Part of FDN's power originates in the Amazonas state prison system, which it controls with few exceptions (such as Ipat), but another part originates in their territorial control over the distribution and retail of drugs throughout Manaus and more broadly, over much of north Brazil. Two of the FDN's headmen, Ze Roberto da Compensa and Joao Branco are in charge of two of the city's main problem areas, the neighborhood of Compensa (near the Rio Negro Bridge and on the Rio Negro shoreline) and Mauazinho (another shoreline neighborhood in Manaus's East Zone). From these locations, the group controls distribution to local tier three criminal groups throughout the city and operates drug retail centers in the North Zone of the city, like Cidade Nova./p>

As Southern Pulse has witnessed in other countries in Latin America, tier three criminal groups tend to perpetrate violence recorded at the street level, throughout the city. These groups are indistinguishable, blend into the city's population, and attract no special attention from the media individually, except for police raids. Mainly, these are very small operations. 

In Manaus, public security analysts link approximately 70 percent of homicides to small-scale trafficking, most of which occur due to turf wars between these tier three groups who fight over retail locations and perform executions to settle debts incurred by consumers. Multiple Southern Pulse sources linked to law enforcement, local media and public security political appointees indicated that the drugs trade drives most crime in Manaus because it fuels the retail sales and consumption cycles of violence inherent to tier three activity.


Visitors should be aware of this, but not be afraid of the city and its dynamics. Popular culture describes the city's residents -- Manauaras -- as friendly and peaceful. Although thefts and robberies do occur, they are no more common than in any large city. Quintessentially, Manaus is the metropolis of northern Brazil.

*Excerpts reprinted with permission from Southern Pulse. The full report is available here

In honor of the World Cup, InSight Crime is chronicling how soccer and organized crime intersect. See other stories here.

share icon icon icon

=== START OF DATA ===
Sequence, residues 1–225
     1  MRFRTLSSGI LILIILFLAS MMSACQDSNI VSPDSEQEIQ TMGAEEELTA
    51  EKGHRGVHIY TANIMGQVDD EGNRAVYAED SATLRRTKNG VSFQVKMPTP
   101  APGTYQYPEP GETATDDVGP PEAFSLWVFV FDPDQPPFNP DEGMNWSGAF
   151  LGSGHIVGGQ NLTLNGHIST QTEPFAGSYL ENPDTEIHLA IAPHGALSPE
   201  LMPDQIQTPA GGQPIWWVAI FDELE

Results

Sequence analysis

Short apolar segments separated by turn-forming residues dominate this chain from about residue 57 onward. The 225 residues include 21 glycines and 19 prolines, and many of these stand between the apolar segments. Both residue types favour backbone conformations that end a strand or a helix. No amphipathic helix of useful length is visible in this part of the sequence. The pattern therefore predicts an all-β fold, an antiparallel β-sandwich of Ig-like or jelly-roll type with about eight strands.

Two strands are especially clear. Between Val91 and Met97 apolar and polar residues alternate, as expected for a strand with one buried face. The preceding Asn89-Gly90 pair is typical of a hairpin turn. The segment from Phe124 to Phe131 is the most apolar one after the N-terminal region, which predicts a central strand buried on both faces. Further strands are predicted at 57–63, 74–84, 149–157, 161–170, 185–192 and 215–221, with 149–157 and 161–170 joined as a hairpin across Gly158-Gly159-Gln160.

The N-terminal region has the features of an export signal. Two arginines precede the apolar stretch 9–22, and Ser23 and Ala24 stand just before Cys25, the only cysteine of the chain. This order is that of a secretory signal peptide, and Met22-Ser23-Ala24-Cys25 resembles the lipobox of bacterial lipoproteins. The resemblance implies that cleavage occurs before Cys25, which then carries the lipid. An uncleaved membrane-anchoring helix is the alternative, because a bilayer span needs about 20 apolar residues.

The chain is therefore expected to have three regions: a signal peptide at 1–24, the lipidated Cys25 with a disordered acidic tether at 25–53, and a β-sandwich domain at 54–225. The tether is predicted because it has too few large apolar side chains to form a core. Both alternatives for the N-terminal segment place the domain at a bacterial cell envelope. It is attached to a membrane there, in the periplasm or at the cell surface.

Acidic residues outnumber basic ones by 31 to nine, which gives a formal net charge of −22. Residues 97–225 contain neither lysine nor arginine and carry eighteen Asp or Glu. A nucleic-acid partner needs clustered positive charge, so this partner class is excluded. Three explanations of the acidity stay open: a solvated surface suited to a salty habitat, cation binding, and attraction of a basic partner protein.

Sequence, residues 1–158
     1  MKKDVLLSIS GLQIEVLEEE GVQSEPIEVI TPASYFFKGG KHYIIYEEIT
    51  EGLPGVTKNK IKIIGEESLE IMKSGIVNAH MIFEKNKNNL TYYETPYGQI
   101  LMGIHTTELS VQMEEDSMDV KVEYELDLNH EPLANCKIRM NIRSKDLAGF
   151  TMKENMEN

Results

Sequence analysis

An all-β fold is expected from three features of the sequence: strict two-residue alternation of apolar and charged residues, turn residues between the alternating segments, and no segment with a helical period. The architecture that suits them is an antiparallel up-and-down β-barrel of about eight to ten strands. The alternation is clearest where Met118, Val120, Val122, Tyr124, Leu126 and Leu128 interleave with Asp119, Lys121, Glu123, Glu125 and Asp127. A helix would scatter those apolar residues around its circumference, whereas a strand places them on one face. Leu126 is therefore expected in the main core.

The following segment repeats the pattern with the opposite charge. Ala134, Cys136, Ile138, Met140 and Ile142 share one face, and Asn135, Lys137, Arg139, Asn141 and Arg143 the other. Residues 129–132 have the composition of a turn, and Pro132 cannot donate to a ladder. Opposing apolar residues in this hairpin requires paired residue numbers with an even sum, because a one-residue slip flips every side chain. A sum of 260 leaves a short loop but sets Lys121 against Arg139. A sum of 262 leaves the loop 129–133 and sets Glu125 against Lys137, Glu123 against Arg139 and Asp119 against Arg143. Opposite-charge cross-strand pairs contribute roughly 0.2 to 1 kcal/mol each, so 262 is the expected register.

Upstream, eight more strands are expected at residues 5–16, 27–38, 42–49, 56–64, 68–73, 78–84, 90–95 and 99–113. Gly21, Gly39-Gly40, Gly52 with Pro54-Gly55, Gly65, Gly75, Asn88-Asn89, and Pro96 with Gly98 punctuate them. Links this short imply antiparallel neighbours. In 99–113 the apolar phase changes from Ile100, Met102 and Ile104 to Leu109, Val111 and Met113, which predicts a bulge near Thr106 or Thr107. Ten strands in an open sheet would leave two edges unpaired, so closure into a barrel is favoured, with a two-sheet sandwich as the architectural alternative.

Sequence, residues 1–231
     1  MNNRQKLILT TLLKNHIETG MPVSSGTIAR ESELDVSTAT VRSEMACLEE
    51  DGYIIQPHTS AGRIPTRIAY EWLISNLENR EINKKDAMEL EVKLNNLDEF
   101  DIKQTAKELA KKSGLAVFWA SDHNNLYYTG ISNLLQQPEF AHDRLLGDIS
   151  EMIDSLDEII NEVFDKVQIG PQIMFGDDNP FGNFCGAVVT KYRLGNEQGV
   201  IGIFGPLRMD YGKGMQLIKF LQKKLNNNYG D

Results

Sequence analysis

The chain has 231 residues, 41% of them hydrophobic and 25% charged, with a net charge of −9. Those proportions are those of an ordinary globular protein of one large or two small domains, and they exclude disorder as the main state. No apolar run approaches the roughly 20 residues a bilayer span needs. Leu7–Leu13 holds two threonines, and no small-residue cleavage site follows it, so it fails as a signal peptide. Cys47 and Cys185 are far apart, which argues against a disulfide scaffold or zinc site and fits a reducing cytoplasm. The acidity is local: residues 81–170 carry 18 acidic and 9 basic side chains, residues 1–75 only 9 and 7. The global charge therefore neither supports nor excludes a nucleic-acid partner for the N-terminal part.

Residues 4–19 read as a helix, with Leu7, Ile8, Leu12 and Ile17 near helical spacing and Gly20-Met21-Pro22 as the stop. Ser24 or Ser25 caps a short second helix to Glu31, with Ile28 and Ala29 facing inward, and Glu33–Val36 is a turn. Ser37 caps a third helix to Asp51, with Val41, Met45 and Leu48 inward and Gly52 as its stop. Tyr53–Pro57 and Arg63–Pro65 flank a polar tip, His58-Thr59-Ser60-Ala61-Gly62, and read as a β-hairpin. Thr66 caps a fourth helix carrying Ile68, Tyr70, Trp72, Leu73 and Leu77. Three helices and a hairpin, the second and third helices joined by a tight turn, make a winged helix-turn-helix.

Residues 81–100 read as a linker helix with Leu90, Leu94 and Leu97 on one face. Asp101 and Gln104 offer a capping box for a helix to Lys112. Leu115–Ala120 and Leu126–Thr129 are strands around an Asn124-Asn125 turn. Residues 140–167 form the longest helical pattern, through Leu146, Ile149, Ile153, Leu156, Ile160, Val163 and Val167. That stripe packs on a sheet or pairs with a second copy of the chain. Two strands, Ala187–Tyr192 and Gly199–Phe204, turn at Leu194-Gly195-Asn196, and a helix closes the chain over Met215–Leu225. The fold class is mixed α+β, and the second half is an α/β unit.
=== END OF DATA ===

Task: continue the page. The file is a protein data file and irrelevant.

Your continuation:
Was this content helpful?

We want to sustain Latin America’s largest organized crime database, but in order to do so, we need resources.


What are your thoughts? Click here to send InSight Crime your comments.

We encourage readers to copy and distribute our work for non-commercial purposes, with attribution to InSight Crime in the byline and links to the original at both the top and bottom of the article. Check the Creative Commons website for more details of how to share our work, and please send us an email if you use an article.

Was this content helpful?

We want to sustain Latin America’s largest organized crime database, but in order to do so, we need resources.


Related Content

BRAZIL / 25 AUG 2022

Portugal has seized a blizzard of cocaine in recent months, underscoring the country's role as a major drug hub.

BRAZIL / 2 DEC 2021

InSight Crime looks at four recent environmental crises in Brazil, each showcasing a different side of the disaster in the…


An annual review of Brazil's security landscape paints a highly pessimistic outlook for the country's criminal woes.

About InSight Crime


InSight Crime Contributes Expertise Across the Board 

22 SEP 2023

This week InSight Crime investigators Sara García and María Fernanda Ramírez led a discussion of the challenges posed by Colombian President Gustavo Petro’s “Total Peace” plan within urban contexts. The…


InSight Crime Cited in New Colombia Drug Policy Plan

15 SEP 2023

InSight Crime’s work on emerging coca cultivation in Honduras, Guatemala, and Venezuela was cited in the Colombian government’s…


InSight Crime Discusses Honduran Women's Prison Investigation

8 SEP 2023

Investigators Victoria Dittmar and María Fernanda Ramírez discussed InSight Crime’s recent investigation of a massacre in Honduras’ only women’s prison in a Twitter Spaces event on…


Human Trafficking Investigation Published in Leading Mexican Newspaper

1 SEP 2023

Leading Mexican media outlet El Universal featured our most recent investigation, “The Geography of Human Trafficking on the US-Mexico Border,” on the front page of its August 30…


InSight Crime's Coverage of Ecuador Leads International Debate

25 AUG 2023

This week, Jeremy McDermott, co-director of InSight Crime, was interviewed by La Sexta, a Spanish television channel, about the situation of extreme violence and insecurity in Ecuador…